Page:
SANTA BARBARA (Reuters) - Cleanup crews labored through a third day to scoop up patches of crude oil from a pipeline spill that closed two California state beaches and fouled offshore waters, shattering an environmental balance that U.S. Coast Guard officials said on Thursday may take months to restore.
Up to 2,500 barrels (105,000 gallons) of petroleum, according to latest estimates, gushed onto San Refugio State Beach and into the Pacific about 20 miles (32 km) west of Santa Barbara on Tuesday when an underground pipeline that runs along the coastal highway inexplicably burst.
As much as a fifth of the amount was believed to have reached the ocean, leaving oil slicks that stretched for more than 9 miles (15 km) along the coast.
Environmental activists and local officials said it could turn out to be the largest oil spill in 46 years to hit the ecologically sensitive but energy-rich Santa Barbara shoreline, about 125 miles (200 km) northwest of Los Angeles.
The spill zone lies at the edge of a national marine sanctuary and state-designated underwater preserve teeming with whales, dolphin, sea lions, some 60 species of sea birds and more than 500 species of fish. The surrounding waters also are shared by nearly two dozen offshore oil platforms.
The cleanup has been painstaking and arduous.
Hundreds of contractors garbed head to toe in hazardous-materials suits worked in shifts around the clock, shoveling blobs of oil from the sand, raking up tar balls and excavating petroleum-soaked soil from the heaviest-hit areas.
Meanwhile, cleanup vessels plied the ocean to corral the slicks with floating booms and skim oil from the surface.
“It’s a long process,” said Coast Guard Captain Jennifer Williams, overseeing the spill response. “These types of things continue on, perhaps for months, to make sure the environment is restored to its original condition.”
Fortunately, the spill was halted relatively soon after it began on the first day.
The Texas-based company that owns and operates the pipeline, Plains All American Pipeline, said it shut off the flow about 30 minutes after pressure irregularities were detected.
By then, however, a torrent of oil had streamed down a canyon, under a culvert and out onto the once-pristine Refugio Beach, blackening a 4-mile (6-km) stretch of sand and rocks.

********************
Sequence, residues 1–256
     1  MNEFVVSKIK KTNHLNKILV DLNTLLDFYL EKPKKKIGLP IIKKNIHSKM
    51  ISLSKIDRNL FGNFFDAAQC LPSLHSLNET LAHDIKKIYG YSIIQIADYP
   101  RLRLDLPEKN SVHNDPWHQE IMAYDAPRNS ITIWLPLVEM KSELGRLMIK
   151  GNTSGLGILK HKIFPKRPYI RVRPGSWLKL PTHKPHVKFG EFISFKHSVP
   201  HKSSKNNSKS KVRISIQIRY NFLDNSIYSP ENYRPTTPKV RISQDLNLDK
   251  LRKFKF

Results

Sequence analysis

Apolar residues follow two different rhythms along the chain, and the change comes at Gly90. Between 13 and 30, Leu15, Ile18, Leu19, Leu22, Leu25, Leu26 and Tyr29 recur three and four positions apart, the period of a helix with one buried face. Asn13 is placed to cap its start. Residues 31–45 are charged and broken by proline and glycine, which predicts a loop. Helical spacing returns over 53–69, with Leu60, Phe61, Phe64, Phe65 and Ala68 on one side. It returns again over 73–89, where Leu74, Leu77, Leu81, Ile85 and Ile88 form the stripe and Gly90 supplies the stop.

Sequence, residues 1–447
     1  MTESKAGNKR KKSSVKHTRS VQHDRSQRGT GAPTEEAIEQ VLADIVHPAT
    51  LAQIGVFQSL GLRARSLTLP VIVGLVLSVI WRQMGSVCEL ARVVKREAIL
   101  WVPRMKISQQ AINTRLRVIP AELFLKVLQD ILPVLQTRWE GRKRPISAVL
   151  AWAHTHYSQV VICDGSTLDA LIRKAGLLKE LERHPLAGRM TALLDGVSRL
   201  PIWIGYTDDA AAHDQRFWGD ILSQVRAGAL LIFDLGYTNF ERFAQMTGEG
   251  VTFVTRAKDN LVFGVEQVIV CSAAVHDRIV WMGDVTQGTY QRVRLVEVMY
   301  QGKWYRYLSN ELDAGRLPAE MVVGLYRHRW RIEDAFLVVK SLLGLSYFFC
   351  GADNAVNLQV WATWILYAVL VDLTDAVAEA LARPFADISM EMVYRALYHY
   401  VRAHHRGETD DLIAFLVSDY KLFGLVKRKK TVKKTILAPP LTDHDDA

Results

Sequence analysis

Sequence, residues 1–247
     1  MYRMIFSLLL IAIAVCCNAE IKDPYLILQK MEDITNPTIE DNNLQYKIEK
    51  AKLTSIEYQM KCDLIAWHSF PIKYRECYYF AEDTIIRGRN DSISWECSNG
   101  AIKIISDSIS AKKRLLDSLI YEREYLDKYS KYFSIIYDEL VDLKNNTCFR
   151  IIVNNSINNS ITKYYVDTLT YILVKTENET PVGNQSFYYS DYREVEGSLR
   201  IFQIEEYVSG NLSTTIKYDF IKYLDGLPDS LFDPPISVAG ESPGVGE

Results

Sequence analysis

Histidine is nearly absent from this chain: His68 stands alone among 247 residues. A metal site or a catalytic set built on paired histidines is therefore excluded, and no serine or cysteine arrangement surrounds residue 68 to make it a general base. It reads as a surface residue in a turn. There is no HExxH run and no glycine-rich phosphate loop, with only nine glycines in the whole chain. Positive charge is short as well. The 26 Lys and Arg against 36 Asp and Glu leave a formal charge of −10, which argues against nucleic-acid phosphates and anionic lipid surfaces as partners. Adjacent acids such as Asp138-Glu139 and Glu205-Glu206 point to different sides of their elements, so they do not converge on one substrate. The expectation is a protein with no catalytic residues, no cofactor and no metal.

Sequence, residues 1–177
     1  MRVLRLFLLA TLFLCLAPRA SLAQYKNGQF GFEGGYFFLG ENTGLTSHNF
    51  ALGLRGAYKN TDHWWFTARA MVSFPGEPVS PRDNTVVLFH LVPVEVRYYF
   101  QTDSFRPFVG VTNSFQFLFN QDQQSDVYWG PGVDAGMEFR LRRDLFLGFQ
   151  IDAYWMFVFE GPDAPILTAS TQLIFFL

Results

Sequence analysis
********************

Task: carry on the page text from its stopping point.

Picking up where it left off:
By Thursday, thick globules of tar also littered El Capitan State Beach a few miles to the east. The air at both sites was heavy with the smell of petrochemicals, an odor carried by sea breezes to the highway above the beaches.
Park officials said both beaches - popular seaside camping destinations - would remain closed to the public through the Memorial Day holiday weekend and at least well into next week.
Kira Redmond, head of the conservation organization Santa Barbara Channelkeeper, said her group found another stretch of shoreline between Refugio and El Capitan beaches “covered in oil” on Wednesday.
She described “massive, thick mats of it, far worse than what I saw on Refugio or El Capitan.”
If the pipeline company’s worst-case estimate of its oil release holds up, it would mark the biggest in the region since a 1969 offshore oil well blowout that dumped 80,000 to 100,000 barrels of crude petroleum into the Santa Barbara Channel and stands as the largest spill ever in California waters.
That disaster, which dwarfs the apparent size of Tuesday’s accident, killed thousands of sea birds and other wildlife and helped spark the modern U.S. environmental movement.
Still, Governor Jerry Brown on Wednesday declared a state of emergency for Santa Barbara County to hasten the availability of any resources needed at San Refugio.
Wildlife teams were immediately dispatched to rescue any animals injured by the spill. Authorities said they did not know the extent of wildlife harm, but photos showed oil-covered pelicans and other sea life washed ashore.
State fish and game officials said on Thursday that five oil-covered brown pelicans had been rescued and would be taken to a special facility in Los Angeles to be cleaned and rehabilitated.
Wildlife rescue crews focused on protecting three especially sensitive nesting areas for shore birds, state Fish and Wildlife Department officials said.
The cause of the rupture remained under investigation. The company said it had inspected the pipeline a few weeks ago, but results had not yet come back.
Reporting by Steve Gorman in Santa Barbara; Editing by Curtis Skinner, Lisa Von Ahn and Ken Wills